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K. Ullas Karanth

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A productive way forward in studies of animal populations is to efficiently make use of all the information available, either as raw data or as published sources, on critical parameters of interest. In this study, we demonstrate two approaches to the use of multiple sources of information on a parameter of fundamental interest to ecologists: animal density. The first approach produces estimates simultaneously from two different sources of data. The second approach was developed for situations in which initial data collection and analysis are followed up by subsequent data collection and prior knowledge is updated with new data using a stepwise process. Both approaches are used to estimate density of a rare and elusive...
Categories: Publication; Types: Citation; Tags: Ecology
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MotivationSeveral spatial capture-recapture (SCR) models have been developed to estimate animal abundance by analyzing the detections of individuals in a spatial array of traps. Most of these models do not use the actual dates and times of detection, even though this information is readily available when using continuous-time recorders, such as microphones or motion-activated cameras. Instead most SCR models either partition the period of trap operation into a set of subjectively chosen discrete intervals and ignore multiple detections of the same individual within each interval, or they simply use the frequency of detections during the period of trap operation and ignore the observed times of detection. Both practices...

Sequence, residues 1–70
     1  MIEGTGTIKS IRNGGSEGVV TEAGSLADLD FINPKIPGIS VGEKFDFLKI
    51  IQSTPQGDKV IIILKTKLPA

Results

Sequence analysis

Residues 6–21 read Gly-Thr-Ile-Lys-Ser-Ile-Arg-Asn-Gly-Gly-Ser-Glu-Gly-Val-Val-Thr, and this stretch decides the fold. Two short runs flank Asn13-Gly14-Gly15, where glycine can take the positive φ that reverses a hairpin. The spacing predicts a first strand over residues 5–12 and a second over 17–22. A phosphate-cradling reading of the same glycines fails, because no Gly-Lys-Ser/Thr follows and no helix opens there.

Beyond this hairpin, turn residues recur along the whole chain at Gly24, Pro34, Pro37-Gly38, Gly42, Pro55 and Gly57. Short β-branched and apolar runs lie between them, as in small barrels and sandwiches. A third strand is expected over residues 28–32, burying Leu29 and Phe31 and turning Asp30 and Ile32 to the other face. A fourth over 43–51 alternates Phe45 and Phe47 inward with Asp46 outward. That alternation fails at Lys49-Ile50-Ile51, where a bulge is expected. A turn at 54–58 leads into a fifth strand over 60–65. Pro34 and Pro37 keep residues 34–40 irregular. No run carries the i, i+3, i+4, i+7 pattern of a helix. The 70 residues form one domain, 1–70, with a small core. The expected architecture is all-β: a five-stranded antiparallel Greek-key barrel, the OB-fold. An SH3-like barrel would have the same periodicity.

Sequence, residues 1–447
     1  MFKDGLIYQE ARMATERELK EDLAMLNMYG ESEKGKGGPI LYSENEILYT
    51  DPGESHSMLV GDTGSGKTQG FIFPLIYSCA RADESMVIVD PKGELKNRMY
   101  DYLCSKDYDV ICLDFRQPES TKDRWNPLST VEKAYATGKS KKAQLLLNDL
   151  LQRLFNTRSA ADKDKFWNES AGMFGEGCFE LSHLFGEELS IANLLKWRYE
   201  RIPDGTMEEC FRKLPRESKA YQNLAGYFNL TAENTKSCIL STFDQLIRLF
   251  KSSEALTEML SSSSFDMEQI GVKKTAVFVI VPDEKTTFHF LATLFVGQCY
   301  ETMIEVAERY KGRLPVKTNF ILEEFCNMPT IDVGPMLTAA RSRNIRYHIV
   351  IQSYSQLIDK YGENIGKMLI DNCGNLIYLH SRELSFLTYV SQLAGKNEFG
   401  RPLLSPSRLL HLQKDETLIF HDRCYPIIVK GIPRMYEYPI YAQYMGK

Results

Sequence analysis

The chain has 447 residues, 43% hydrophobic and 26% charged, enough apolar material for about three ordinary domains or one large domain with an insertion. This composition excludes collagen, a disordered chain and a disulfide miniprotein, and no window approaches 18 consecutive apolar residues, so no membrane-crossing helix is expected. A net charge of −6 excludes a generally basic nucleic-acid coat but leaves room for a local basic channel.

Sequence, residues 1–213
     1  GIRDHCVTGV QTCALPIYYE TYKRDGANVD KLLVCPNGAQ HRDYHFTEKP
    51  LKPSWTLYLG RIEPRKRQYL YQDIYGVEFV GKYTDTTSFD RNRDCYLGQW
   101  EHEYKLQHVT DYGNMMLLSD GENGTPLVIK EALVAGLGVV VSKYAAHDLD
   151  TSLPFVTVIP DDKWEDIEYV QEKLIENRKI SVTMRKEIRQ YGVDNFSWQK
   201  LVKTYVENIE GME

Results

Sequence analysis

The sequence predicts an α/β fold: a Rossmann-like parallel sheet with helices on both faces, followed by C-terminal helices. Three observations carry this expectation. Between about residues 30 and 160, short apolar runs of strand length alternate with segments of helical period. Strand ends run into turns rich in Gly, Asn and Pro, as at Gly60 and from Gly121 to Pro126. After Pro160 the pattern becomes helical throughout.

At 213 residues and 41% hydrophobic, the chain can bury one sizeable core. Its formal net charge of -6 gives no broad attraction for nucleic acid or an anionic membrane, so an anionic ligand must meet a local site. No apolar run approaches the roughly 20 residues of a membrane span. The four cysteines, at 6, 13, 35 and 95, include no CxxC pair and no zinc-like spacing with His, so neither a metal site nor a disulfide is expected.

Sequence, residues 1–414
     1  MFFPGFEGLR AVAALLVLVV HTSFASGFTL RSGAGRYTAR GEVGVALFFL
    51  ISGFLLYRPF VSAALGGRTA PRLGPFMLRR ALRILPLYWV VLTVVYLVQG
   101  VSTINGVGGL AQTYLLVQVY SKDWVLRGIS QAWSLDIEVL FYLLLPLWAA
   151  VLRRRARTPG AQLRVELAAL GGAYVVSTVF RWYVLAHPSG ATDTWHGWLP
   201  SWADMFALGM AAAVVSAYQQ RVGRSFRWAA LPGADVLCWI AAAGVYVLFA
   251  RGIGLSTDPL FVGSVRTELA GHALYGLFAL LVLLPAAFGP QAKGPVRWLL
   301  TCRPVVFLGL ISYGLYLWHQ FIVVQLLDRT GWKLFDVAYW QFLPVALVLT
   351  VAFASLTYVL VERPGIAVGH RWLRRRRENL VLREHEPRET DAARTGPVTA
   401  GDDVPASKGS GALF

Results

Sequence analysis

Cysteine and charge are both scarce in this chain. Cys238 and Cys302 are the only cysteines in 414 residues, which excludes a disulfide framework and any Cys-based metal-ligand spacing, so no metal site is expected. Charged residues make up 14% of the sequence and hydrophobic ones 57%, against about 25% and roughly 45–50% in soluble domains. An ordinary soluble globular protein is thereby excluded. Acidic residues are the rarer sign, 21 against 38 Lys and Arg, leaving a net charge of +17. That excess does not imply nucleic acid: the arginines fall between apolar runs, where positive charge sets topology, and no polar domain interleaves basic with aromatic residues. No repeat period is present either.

Categories: Publication; Types: Citation; Tags: PLoS ONE
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Automated photography of tigers Panthera tigris for purely illustrative purposes was pioneered by British forester Fred Champion (1927, 1933) in India in the early part of the Twentieth Century. However, it was McDougal (1977) in Nepal who first used camera traps, equipped with single-lens reflex cameras activated by pressure pads, to identify individual tigers and study their social and predatory behaviors. These attempts involved a small number of expensive, cumbersome camera traps, and were not, in any formal sense, directed at “sampling” tiger populations.
Categories: Publication; Types: Citation
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